Three BIFF fighters were killed in a clash with government forces in Mindanao last week.
The BIFF claimed responsibility for the restaurant blast in Cagayan de Oro City that killed eight people and wounded 46 others on July 26.
BIFF spokesperson Abu Misry Mama said his group would continue attacks against government forces.
But Mama denied that the BIFF had a hand in Monday’s car bomb explosion in Cotabato City that left eight people dead and at least 40 others wounded.
City in mourning
The Cotabato City government has declared a monthlong mourning for the victims of the attack.
City Administrator Cynthia Guiani-Sayadi, who had said she was the target of the attack, said the flag at city hall would be flown at half-staff as a way of sympathizing with the families of the victims.
Mayor Japal Guiani Jr. earlier said the perpetrators could be “big politicians who paid bombers for hire” to kill him or his sister, Sayadi.
He offered an unspecified amount of money as reward for information that would lead to the arrest of the bombers.
President Aquino said there were ongoing operations against the Abu Sayyaf, also linked to the Indonesia-based terror group Jemaah Islamiyah, the Southeast Asian affiliate of the global terrorist organization al-Qaida.
He said the authorities had received information that those behind the Cagayan de Oro attack had links with Abu Sayyaf leader Gumbahali Jumdail, alias “Doc Abu,” who was killed in in a clash with security forces in February.
But Aquino did not elaborate, and then left, saying he was going to a meeting.
IEDs in Abu assembly
Colonel Galvez said the military operation in Macalang village in Al Barka town, Basilan, on Thursday was carried out to seize improvised explosive devices (IEDs) that the Abu Sayyaf were plotting to use for attacks in the province and in Zamboanga City across the channel.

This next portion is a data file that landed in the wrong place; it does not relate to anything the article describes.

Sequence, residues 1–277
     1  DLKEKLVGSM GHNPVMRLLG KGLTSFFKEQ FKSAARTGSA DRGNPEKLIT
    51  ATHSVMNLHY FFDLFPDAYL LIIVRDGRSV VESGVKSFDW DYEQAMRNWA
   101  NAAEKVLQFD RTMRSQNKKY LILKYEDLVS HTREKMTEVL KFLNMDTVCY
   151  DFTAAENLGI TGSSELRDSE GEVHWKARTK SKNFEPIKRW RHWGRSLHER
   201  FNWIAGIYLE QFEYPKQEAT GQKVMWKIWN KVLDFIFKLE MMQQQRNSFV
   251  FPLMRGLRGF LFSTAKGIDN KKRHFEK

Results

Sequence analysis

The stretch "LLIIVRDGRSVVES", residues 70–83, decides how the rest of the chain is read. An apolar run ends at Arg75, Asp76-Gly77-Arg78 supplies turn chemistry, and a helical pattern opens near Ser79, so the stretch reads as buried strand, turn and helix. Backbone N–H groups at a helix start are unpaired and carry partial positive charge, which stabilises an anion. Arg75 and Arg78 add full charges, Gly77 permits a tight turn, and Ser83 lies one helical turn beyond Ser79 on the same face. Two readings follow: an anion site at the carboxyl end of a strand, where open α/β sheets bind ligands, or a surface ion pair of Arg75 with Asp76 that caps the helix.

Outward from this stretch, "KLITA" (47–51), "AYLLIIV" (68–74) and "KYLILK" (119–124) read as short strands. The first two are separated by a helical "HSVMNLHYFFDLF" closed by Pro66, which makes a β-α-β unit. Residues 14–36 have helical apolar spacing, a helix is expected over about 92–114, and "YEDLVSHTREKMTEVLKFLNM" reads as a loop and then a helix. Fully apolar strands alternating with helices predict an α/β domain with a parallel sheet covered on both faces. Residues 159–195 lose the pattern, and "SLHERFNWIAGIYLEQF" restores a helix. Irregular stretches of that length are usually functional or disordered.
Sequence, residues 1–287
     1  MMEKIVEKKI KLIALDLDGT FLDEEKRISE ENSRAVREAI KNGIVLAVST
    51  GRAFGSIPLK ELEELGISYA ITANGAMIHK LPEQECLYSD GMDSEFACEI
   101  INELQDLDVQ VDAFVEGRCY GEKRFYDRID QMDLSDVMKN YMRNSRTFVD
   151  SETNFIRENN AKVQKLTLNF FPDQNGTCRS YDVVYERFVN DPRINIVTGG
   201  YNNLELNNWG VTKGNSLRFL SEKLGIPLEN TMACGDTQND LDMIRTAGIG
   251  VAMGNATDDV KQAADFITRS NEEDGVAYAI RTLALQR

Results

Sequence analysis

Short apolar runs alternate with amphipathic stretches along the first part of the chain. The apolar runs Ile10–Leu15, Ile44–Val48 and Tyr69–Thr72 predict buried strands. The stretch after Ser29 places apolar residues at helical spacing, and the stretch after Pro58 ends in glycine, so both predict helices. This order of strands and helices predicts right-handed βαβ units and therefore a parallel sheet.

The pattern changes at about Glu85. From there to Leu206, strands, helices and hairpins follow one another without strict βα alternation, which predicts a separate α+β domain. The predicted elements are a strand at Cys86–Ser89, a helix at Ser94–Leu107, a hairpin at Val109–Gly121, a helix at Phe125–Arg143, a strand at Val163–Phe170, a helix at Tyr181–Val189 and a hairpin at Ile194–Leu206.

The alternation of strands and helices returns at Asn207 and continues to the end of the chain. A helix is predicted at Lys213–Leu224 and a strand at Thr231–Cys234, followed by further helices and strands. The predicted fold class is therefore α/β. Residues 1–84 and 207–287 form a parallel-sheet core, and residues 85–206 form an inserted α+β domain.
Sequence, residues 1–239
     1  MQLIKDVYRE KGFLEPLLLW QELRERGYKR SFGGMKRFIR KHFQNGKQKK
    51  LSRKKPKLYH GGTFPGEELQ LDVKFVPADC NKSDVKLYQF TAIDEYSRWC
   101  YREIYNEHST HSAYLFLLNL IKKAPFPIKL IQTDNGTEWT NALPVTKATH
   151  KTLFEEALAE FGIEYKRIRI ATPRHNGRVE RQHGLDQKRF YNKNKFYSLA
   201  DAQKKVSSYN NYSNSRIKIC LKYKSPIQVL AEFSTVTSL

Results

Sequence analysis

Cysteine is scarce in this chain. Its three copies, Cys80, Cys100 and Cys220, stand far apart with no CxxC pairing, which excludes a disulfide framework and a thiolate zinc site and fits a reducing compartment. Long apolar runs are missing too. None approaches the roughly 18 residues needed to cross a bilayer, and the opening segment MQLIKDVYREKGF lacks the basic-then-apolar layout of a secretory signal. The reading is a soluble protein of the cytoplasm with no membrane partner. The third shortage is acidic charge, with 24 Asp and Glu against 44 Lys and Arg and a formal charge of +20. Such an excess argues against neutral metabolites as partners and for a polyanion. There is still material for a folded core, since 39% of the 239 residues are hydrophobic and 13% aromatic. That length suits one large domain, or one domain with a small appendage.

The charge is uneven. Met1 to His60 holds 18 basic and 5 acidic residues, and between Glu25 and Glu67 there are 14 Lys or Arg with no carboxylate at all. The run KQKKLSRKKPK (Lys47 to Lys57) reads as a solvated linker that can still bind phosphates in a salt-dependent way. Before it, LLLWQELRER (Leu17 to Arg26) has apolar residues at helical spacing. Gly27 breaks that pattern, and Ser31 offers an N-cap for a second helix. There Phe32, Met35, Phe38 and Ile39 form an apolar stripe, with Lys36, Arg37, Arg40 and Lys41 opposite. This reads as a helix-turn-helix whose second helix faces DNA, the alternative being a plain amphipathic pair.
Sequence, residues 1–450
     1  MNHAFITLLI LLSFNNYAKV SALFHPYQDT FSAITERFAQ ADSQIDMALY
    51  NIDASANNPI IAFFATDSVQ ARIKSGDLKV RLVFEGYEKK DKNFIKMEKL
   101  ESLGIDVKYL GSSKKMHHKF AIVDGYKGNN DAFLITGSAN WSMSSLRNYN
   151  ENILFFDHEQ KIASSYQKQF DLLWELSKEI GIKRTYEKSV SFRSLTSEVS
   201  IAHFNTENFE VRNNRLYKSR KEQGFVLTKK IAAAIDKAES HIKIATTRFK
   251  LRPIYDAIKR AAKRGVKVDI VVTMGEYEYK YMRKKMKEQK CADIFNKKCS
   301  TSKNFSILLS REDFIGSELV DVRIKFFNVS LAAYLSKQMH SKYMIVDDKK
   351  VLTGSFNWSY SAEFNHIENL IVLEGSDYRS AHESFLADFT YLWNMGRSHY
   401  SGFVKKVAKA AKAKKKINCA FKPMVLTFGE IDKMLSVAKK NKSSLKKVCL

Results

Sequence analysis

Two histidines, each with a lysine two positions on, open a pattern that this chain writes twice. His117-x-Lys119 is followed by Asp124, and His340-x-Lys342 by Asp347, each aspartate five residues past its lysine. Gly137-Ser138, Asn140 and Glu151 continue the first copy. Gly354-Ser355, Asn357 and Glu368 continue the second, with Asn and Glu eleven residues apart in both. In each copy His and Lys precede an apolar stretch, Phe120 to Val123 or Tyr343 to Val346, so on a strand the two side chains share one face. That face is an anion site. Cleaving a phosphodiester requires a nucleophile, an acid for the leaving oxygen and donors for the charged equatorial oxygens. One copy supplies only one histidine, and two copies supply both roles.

Galvez said the military had received “A-1 information” about top Abu Sayyaf leaders assembling in Macalang.
He said Abu Sayyaf leaders Nurhassan Jamiri and Puruji Indama and some subleaders were “plotting large-scale terror attacks as soon as the fasting was over.”
“We conducted the operation so we can preempt them,” Galvez said after the fighting.
A military source said government troops found 30 improvised explosive devices in the place of assembly, the house of the late Abu Sayyaf leader Long Malat.
The source said the bombs were ready and intended for attacks in the cities of Lamitan, Isabela, Zamboanga, Pagadian and some major areas in Zamboanga Sibugay and Zamboanga del Sur provinces.
Lt. Col. Ramon Zagala, Armed Forces of the Philippines spokesman, said the military would operate against whoever the Philippine National Police would identify as the perpetrators of the bombings.
Metro Manila safe
Senior Supt. Reuben Theodore Sindac, PNP spokesman, said the police was coordinating with the National Intelligence Coordinating Agency (Nica) and the military intelligence units in assessing the security situation.
Sindac said the police was securing prime targets like shopping malls, airports, seaports, piers and transport terminals.
Security will be tighter during the long weekend, which starts Friday, Sindac said.
Sindac denied reports and sought to ease fears that Metro Manila was the next target of the terrorists.
The metropolis remains on “normal alert,” he said.
“As we speak, [the police] have not monitored information or intelligence reports that should worry our people,” Sindac said.
“However, I would emphasize again that we [continue to assess] the information that comes in,” he added.
Festival may be scrapped
But in Davao City, Mayor Rodrigo Duterte said he was considering calling off next week’s Kadayawan Festival following reports that Davao was a target.
Duterte said he was assessing how far security forces could secure the city against threats, and that he might scrap the festival if he could not be assured of at least 75 percent safety.—With reports from Nikko Dizon in Manila; Edwin O. Fernandez, Inquirer Mindanao; AP and AFP